Chancellor Clare Burns spoke about Notices of Motion coming from Synod members, which are found in Section A of the Convening Circular. They are as follows:
Single-Use Plastics – Motion #10
A Notice of Motion dated September 17, 2019 was received from the Rev. Canon David Harrison and the Rev. Dr. Stephen Drakeford. Pursuant to Canon 1, the Notice of Motion was placed on the Agenda of the September 26, 2019 meeting of Diocesan Council. The Diocesan Council forwards the following Notice of Motion to Synod with the recommendation that it be adopted.
MOVED by the Rev. Canon David Harrison and SECONDED by the Rev. Dr. Stephen Drakeford that this diocesan Synod:
- Encourages parishes to curtail their purchase of single-use plastic products, with the intention of ending their use by 2023, taking into consideration the accessibility needs of their communities.
- Encourages individual Anglicans to reduce their reliance on single-use plastic products.
- Encourage the Bishop’s Committee on Creation Care to develop and promote resources aimed at supporting local efforts toward plastics reduction.
Affordable Housing Plan – Motion #14
A Notice of Motion dated October 16, 2019 was received from the Rev. Dr. Jason McKinney and the Rev. Canon David Harrison. Pursuant to Canon 1, the Notice of Motion was placed on the Agenda of the October 24, 2019 meeting of Diocesan Council. The Diocesan Council forwards the following Notice of Motion to Synod with the recommendation that it be adopted.
MOVED by the Rev. Dr. Jason McKinney and SECONDED by the Rev. Canon David Harrison that this Synod request Diocesan Council (or its successor) to respond to the affordable housing crisis across the diocese by developing an Affordable Housing Plan. This Plan will:
- determine the feasibility of building affordable housing on diocesan-owned lands;
- prioritize strategic partnerships with industry experts in the fields of planning, development, and affordable housing provision;
- establish specific achievable targets (e.g. 250 units by 2024)
The Plan should be completed by November 30, 2020 at which time a report to Synod and to the diocese will be made.
Diocesan Environment Policy – Motion # 15
A Notice of Motion dated October 16, 2019 was received from the Rev. Canon David Harrison and the Rev. Dr. Stephen Drakeford. Pursuant to Canon 1, the Notice of Motion was placed on the Agenda of the October 24, 2019 meeting of Diocesan Council. The Diocesan Council forwards the following Notice of Motion to Synod with the recommendation that it be adopted.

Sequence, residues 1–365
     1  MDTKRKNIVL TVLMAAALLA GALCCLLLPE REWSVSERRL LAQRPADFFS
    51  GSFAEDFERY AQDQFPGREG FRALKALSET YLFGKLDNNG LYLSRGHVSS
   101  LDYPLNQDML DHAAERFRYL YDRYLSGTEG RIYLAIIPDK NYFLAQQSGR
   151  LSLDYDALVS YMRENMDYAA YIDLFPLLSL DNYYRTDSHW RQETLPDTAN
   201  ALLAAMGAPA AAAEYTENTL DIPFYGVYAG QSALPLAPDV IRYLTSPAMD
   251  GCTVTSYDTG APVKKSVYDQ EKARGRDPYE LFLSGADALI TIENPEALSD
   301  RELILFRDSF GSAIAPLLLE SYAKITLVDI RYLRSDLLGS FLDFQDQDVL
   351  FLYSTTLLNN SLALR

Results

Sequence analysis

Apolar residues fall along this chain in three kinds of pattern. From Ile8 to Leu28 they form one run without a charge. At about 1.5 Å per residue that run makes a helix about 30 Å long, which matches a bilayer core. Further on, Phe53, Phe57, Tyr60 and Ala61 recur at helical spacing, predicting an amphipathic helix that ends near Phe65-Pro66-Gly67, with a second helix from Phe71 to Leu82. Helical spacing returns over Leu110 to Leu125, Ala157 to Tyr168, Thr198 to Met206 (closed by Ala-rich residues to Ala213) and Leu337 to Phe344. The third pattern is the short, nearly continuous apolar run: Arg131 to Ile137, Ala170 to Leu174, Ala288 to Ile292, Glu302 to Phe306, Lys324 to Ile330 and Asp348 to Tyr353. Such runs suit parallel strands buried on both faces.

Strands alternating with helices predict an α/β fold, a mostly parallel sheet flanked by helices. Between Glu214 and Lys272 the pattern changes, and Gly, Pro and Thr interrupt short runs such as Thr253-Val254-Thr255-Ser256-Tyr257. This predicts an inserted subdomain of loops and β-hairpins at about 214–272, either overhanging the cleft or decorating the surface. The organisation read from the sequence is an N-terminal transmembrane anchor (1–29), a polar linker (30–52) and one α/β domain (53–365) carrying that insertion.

MOVED by the Rev. Canon David Harrison and SECONDED by the Rev. Dr. Stephen Drakeford that Synod requests the Bishop’s Committee on Creation Care, working through a creation care lens and in the context of our developing relationship with Indigenous Peoples, to develop and propose environmental policies and resources for all diocesan operations that reflect the need to increase the use of renewable energy services and decrease our carbon footprint. In particular, Synod requests a review of and development of policies pertaining to:
- our spending practices;
- our travel policies;
- our land use and development;
- the creation of a fund to assist parishes to reduce their carbon footprint:
- the creation of a fund to assist clergy to purchase or lease zero emission vehicles;
- the curtailment of the purchase of single-use plastic products, with the intention of ending their use no later than the beginning of 2023, taking into consideration the accessibility needs of our communities;
- developing modules for clergy and lay formation on the connection between creation care and the Gospel; and
- promoting reduced consumption as part of a Christian Rule of Life.
Synod and the Diocese shall be provided with a report on the work of the Bishop’s Committee on Creation Care and the progress made on these issues by June 30, 2020 and every six months thereafter until the next Regular Session of Synod.
Pastoral Guidelines – Motion #16
A Notice of Motion dated October 17, 2019 was received from the Rev. Dr. Alison Kemper and the Rev. Donald Beyers. Pursuant to Canon 1, the Notice of Motion was placed on the Agenda of the October 24, 2019 meeting of Diocesan Council. Chancellor Burns informed Synod members that her advice to the Bishop is that the motion is out of order.
MOVED by the Rev. Dr. Alison Kemper and SECONDED by the Rev. Donald Beyers that this Synod urges the Bishop of Toronto to remove the Pastoral Guidelines for Same-Sex Marriages in order to allow for the marriage of any couple who is duly qualified and has been prepared for marriage under the requirements of Canon XXI of the Anglican Church of Canada.
The following are questions and answers from the meetings:
Q: Regarding Motion 10, are we talking about Styrofoam cups and things like that?
A: Motion 10 and Motion 15 both speak to the reduction in the use of single-use plastics.
Q: What’s happening with the Local Option?
A: The diocese’s guidelines and process as they currently exist will continue to exist for the time being.
Video about CLAY 2020
Some of the meetings learned about CLAY 2020, the national gathering of Lutheran and Anglican youth that is being held in Calgary. Parishes were encouraged to send youth to the event.
Wrap-Up & Closing Prayer
The bishops ended the meetings with thanks and prayers.